Photo by Pfc. Bernabe Lopez

Cavalrymen assigned to the “Mustang Squadron,” 6th Squadron, 8th Cavalry Regiment, 2nd Armored Brigade Combat Team, 3rd Infantry Division, fire a round from the modernized M1A2 SEPv3 Abrams tank during a combined arms live fire exercise, Sept. 8 on Fort Stewart.

Mustangs certify modern lethality during exercise

The “Mustang Squadron,” 6th Squadron, 8th Cavalry Regiment, 2nd Armored Brigade Combat Team, 3rd Infantry Division, conducted a combined arms live fire exercise for the first time in over two years to certify the squadron’s effectiveness on a battlefield from Sept. 1-8 on Fort Stewart. The 6th Sqn., 8th Cav. Regt., 2nd ABCT, 3rd ID, completed modernization this past July, making it the Army’s most modern cavalry squadron, and is preparing to defeat any threat in large-scale combat operations through expert coaching and well-trained, cohesive teams.

“We have the newest vehicles in the Army’s inventory: the M1A2 SEPv3 Abrams tank, the Bradley A4 Fighting Vehicles, … the M109A7 Paladins … and we have the division’s newly fielded AH-64 Apache helicopters as well,” said Lt. Col. James Perkins, commander of 6th. Sqn., 8th Cav. Regt., 2nd ABCT, 3rd ID. “And the CALFEX brings all those elements in one place and time to achieve a combined arms effect on the battlefield.”

The squadron conducted a CALFEX for the first time in over two years, and the purpose of the training was to assess and certify platoons on their ability to maneuver tactically.

“This is the first time in over two years this event has occurred for the squadron, and it usually will happen once a year, if we’re lucky,” Perkins said. “So this is a fantastic opportunity, and it’s really a leadership factory because not only are the Soldiers training, but it’s their first real opportunity to that these platoon, troop and company commanders have to apply this, to report to higher headquarters, to work with aviation and other enablers and integrate them into their battle plan. Before this, it’s academic, now they’re actually seeing the application of that on the battlefield. This is a critical event in preparation for future operations.”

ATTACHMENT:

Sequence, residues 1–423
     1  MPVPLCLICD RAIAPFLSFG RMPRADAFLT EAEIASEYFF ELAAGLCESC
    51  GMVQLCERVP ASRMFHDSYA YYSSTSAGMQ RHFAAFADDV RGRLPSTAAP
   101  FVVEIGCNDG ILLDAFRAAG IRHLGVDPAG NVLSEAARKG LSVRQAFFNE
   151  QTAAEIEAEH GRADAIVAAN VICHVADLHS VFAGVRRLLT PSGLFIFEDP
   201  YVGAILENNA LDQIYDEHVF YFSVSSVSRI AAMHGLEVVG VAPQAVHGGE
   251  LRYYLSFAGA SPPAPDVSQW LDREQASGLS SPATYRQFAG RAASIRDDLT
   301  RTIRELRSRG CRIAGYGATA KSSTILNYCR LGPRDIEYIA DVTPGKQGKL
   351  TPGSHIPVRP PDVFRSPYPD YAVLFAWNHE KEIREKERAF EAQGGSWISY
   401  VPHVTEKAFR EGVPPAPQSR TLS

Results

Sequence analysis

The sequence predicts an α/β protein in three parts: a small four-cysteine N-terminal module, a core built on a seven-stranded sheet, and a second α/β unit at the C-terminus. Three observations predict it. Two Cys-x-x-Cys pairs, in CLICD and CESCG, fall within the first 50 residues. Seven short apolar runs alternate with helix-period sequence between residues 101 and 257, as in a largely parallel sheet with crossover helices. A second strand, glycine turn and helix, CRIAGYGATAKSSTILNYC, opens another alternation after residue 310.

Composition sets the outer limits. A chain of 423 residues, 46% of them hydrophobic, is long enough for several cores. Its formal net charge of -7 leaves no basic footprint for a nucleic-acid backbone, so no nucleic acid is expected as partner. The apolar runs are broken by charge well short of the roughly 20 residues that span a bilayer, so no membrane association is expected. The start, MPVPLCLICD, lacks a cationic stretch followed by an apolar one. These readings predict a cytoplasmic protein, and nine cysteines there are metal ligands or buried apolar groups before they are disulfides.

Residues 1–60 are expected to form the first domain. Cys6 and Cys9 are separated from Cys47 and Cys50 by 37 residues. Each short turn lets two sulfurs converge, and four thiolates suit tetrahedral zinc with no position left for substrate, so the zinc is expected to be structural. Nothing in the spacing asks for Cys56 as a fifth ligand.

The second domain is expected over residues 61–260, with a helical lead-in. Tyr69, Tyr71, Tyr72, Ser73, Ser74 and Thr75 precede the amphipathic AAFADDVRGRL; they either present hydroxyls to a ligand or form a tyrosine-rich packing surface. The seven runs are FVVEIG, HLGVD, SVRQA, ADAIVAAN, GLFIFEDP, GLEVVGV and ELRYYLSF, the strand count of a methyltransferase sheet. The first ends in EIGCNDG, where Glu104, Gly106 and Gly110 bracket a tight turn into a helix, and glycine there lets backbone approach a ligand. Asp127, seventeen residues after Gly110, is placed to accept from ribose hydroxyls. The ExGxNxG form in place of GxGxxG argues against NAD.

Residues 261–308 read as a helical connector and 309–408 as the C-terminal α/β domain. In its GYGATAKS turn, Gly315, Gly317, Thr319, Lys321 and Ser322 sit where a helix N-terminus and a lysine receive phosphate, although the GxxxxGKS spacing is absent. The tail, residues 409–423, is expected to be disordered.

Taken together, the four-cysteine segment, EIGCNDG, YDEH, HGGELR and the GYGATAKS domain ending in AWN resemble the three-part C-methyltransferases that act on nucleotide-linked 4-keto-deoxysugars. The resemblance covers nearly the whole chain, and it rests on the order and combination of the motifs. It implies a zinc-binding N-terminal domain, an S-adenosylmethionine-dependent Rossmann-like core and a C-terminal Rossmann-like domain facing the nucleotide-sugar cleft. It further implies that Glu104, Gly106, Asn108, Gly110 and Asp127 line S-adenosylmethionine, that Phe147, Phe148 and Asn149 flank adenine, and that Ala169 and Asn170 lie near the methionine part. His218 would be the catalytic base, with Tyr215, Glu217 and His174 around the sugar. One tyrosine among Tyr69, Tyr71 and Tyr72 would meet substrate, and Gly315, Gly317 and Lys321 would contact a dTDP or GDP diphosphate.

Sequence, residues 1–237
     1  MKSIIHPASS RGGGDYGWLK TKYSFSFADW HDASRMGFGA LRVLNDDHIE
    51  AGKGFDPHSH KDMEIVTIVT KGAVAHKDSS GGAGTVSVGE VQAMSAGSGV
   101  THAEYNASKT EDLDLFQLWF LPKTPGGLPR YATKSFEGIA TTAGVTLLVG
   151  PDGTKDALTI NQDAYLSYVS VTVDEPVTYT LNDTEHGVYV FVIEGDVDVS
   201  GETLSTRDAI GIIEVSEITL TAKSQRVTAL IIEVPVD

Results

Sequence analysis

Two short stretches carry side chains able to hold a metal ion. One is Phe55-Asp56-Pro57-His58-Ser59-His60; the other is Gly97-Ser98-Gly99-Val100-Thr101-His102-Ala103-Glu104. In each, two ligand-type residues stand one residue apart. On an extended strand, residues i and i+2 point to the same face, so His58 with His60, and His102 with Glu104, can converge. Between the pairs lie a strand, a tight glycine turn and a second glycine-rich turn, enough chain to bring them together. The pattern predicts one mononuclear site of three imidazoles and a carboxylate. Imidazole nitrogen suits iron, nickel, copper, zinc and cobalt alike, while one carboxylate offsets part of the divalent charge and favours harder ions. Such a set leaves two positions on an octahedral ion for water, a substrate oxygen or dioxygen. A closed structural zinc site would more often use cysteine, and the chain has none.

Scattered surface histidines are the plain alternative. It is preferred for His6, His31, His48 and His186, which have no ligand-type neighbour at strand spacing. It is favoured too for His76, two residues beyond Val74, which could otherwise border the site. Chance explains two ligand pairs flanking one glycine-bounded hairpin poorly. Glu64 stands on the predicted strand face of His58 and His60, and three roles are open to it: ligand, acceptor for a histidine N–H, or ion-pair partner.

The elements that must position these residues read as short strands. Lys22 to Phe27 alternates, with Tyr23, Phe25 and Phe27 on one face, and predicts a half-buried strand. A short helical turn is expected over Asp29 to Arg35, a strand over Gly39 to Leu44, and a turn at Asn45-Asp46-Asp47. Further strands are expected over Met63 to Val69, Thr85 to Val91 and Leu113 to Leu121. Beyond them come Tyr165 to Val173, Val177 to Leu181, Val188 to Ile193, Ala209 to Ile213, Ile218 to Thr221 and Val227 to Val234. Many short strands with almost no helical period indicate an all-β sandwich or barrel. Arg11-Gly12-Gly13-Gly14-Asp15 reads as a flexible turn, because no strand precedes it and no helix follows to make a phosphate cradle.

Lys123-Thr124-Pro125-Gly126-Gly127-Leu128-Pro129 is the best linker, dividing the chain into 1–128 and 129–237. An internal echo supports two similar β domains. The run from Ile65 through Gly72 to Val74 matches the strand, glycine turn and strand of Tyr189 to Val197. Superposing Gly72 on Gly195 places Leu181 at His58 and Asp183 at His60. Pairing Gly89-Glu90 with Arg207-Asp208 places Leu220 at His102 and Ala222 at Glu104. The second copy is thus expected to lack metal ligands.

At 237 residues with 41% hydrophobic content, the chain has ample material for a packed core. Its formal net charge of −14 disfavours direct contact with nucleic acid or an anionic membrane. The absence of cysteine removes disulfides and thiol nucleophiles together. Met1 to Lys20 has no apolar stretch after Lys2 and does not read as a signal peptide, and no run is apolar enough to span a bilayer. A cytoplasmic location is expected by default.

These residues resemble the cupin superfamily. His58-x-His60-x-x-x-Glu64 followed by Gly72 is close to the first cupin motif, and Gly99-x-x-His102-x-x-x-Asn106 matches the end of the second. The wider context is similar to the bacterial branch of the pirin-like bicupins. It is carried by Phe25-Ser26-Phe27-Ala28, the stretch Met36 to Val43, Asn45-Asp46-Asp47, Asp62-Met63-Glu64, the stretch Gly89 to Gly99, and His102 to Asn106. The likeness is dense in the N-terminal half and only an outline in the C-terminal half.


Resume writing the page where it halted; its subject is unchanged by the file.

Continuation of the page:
One of the goals of the CALFEX focused on the platoon’s ability to exercise its leadership skill, ensuring its platoon leaders and platoon sergeants possess a thorough understanding on what to do in combat situations and teach their Soldiers how to do things so they may teach others as well.

“My platoon sergeants and platoon leaders, it’s their first time operating a platoon in this way, integrating enablers and everything else we’re doing out here,” said Capt. John Wainwright, commander of Charlie Troop, 6th Sqn. 8th. Cav. Regt., 2nd ABCT. “Even though they have a doctrinal understanding of what they’re doing, they’re combining the science of what they’ve learned with the art of how it’s executed.”

The CALFEX also demonstrated the shoot-move-communicate principles in combat operations using the newest armored vehicles in its arsenal to effectively and efficiently operate as a lethal, modernized force and be deployment ready.

“For the Mustang Squadron, it’s really the capstone of our training glide path,” Wainwright said. “Bringing in the entire Army team, working with all enablers to pull things together to integrate every asset that’s available to us … that these platoon leaders will likely see in combat. It’s the capstone at the top of demonstrating proficiency on their weapon system, proficiency at the small unit level and pulling in everything else to be a lethal platoon.”

Communication is key for Soldiers to maintain a smooth flow of transition and maintain constant readiness on a battlefield.

“Everything that is encountered on the battlefield is what we’re trying to simulate with the CALFEX,” said 1st. Sgt. Terry Spratt, the senior enlisted advisor of Charlie Troop, 6th Sqn., 8th. Cav. Regt., 2nd ABCT. “What’s important is the synchronization that it all takes. We’re doing it at the platoon level, but we’re also using outside assets [such as the] AH-64 Apaches, artillery, organic mortars. We even have our sister troop, Delta Tank, maneuver with us as well … conduct battle handovers and work on what that looks like as we exercise as hunter killer teams.”